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DRPS : Course Catalogue : School of Philosophy, Psychology and Language Sciences : Language Sciences

Postgraduate Course: Applied Linguistics & Language Teaching (LASC11101)

Course Outline
SchoolSchool of Philosophy, Psychology and Language Sciences CollegeCollege of Humanities and Social Science
Credit level (Normal year taken)SCQF Level 11 (Postgraduate) AvailabilityAvailable to all students
SCQF Credits20 ECTS Credits10
SummaryThis course covers recent work in which social, political, social-psychological and discourse-based analyses of language situations across the globe have been applied to the understanding of the teaching and learning of English and other languages. A range of competing approaches are explored, and students are encouraged to consider how each of them might relate to the particular problems that interest them and that might form the topic of their eventual dissertation. In the last part of the course they will focus on one particular approach for more in-depth research.
Course description All readings are available on-line through the university library, and are to be done in advance of the session for which they are indicated.
Entry Requirements (not applicable to Visiting Students)
Pre-requisites Co-requisites
Prohibited Combinations Other requirements None
Information for Visiting Students
High Demand Course? Yes
Course Delivery Information
Academic year 2015/16, Available to all students (SV1) Quota:  None
Course Start Semester 2
Timetable Timetable
Learning and Teaching activities (Further Info) Total Hours: 200 ( Lecture Hours 22, Feedback/Feedforward Hours 1, Programme Level Learning and Teaching Hours 4, Directed Learning and Independent Learning Hours 173 )
Assessment (Further Info) Written Exam 0 %, Coursework 100 %, Practical Exam 0 %
Additional Information (Assessment) The assessment will be in the form of a Literature Review Essay (length 4000 words), weighted 100%. This Essay will relate to one of the approaches covered on the course, chosen by the student and, where applicable, linked to their planned dissertation.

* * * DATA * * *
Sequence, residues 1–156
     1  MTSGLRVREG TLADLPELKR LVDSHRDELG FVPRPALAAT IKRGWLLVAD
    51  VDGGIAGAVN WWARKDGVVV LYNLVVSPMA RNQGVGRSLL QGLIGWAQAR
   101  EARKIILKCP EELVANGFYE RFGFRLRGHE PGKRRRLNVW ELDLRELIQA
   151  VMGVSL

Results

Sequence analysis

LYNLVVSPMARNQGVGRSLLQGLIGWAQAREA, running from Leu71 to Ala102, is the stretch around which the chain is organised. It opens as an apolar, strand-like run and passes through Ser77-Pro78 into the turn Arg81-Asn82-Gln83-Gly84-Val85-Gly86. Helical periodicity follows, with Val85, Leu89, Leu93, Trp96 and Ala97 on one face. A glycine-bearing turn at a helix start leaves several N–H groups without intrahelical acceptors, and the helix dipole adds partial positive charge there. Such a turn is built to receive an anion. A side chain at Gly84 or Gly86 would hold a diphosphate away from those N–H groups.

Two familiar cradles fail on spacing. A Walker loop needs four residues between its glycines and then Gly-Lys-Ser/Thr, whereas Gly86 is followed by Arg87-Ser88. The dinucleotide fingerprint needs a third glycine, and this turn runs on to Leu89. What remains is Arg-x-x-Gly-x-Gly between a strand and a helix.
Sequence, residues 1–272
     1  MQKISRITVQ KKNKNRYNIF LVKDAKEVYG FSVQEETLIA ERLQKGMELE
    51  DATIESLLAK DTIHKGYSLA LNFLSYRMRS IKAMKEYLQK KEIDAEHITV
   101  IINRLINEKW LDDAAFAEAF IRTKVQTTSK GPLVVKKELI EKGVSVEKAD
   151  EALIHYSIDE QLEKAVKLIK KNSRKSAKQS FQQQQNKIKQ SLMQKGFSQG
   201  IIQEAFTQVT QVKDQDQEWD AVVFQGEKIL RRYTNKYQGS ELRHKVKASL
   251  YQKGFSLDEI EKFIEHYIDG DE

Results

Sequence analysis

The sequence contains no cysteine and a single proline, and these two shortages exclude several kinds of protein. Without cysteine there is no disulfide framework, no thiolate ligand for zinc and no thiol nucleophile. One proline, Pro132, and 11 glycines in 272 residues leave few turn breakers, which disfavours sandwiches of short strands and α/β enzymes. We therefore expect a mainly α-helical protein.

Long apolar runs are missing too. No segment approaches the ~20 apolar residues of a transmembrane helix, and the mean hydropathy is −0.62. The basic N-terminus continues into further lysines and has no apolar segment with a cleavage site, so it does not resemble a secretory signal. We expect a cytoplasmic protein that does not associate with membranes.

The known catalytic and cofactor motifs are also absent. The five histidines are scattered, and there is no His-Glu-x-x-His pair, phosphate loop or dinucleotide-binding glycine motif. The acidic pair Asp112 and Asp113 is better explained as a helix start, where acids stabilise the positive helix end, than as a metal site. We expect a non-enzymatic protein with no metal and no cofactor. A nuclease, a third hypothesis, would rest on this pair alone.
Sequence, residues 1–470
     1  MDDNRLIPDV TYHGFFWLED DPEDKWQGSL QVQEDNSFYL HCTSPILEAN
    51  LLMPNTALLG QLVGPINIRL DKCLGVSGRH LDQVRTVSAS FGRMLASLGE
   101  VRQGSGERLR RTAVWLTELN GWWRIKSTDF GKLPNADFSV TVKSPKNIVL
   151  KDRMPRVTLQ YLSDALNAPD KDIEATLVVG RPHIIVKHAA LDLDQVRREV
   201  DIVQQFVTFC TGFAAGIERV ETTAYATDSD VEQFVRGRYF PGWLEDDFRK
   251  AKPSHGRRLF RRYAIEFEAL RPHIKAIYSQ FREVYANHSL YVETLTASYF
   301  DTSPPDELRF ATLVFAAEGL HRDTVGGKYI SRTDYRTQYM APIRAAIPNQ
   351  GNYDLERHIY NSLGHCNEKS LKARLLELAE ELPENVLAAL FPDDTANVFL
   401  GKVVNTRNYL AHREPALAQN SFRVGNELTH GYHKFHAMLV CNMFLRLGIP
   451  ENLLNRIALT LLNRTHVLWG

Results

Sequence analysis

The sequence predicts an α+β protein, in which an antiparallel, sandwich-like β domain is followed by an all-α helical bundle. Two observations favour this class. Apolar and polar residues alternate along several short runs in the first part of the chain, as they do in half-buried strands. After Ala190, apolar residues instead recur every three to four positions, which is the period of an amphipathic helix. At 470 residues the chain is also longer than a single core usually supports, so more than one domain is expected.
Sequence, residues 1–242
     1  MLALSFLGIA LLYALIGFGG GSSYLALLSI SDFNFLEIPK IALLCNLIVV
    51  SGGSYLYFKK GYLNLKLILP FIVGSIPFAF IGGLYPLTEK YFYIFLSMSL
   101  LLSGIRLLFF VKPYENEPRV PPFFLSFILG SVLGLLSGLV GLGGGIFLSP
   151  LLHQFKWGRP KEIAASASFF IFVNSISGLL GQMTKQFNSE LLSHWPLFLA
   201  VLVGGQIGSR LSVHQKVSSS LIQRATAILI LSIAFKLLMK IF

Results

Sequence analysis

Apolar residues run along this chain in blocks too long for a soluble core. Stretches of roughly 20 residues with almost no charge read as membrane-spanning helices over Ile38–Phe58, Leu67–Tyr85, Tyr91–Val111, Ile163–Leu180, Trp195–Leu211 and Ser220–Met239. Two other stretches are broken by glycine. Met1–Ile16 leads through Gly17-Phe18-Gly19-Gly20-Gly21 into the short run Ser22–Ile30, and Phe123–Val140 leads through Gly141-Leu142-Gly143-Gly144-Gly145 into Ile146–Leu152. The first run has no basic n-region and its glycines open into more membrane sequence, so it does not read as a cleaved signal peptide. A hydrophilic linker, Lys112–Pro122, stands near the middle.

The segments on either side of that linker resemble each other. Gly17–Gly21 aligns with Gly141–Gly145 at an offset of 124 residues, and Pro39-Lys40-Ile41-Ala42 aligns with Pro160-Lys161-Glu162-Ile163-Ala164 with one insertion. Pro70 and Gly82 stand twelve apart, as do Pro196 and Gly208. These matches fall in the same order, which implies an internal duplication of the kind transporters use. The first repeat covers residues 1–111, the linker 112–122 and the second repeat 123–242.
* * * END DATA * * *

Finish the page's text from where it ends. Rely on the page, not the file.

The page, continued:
Word limits: 4000 with 10% leeway
Feedback Every meeting is a feed-forward event working toward the assessment, which is a Critical Review Essay.
The first meeting is spent mainly on presenting and discussing a "protocol for assessing articles" which I have devised for the students to follow, both throughout the course and most particularly in their Lit Review assessment. For the next six weeks I present and lead discussions about recent articles in Applied Linguistics & Language Teaching, using the protocol as the point of departure and providing a model of how to treat articles in the Lit Review. For the last five weeks, each of the students presents a recent article which they have chosen (and I have approved) and leads a discussion of it, following the protocol and the model which I have provided in all the earlier sessions. In addition to this, in Week 8 I spend an hour dealing particularly with the writing aspects of the Lit Review Assessment.

Comments provided on submitted assessments
No Exam Information
Learning Outcomes
On completion of this course, the student will be able to:
  1. explain and evaluate the ways in which ideas from the social, political and social-psychological analysis of language and discourse are currently being applied in the context of language teaching and learning, including issues of language maintenance and policy, the relationship of global languages to local ones, and the range of issues that arise within the various paradigms that frame current applied linguistic work
  2. have a good overview of the various approaches that dominate the current literature, plus an in-depth understanding of one of these approaches, which will be the subject of their Literature Review Essay
Reading List
Classroom discourse. Menard-Warwick, Julia (2008), Because She Made Beds. Every Day. Social Positioning, Classroom Discourse, and Language Learning, Applied Linguistics 29/2: 267:89.
Vaish, Viniti (2008), Interactional Patterns in Singapore's English Classrooms, Linguistics and Education 19/4: 366:77.

ELF/EFL. Jenkins, Jennifer (2006), Current Perspectives on Teaching World Englishes and English as a Lingua Franca, TESOL Quarterly 40/1: 157:81.

Saraceni, Mario (2008), English as a Lingua Franca: Between Form and Function, English Today 24/2: 20:6.

Identity. Blackledge, Adrian, Angela Creese & al. (2008), Contesting Language as Heritage: Negotiation of Identities in Late Modernity, Applied Linguistics 29/4: 533:54.

Farrell, Thomas S. C. & Serena Tan Kiat Kun (2008), Language Policy, Language Teachers Beliefs, and Classroom Practices, Applied Linguistics 29/3: 381:403.
Additional Information
Graduate Attributes and Skills Not entered
Additional Class Delivery Information Attend all lectures as scheduled
KeywordsNot entered
Course organiserProf John Joseph
Tel: (0131 6)50 3497
Course secretaryMiss Toni Noble
Tel: (0131 6)51 3188
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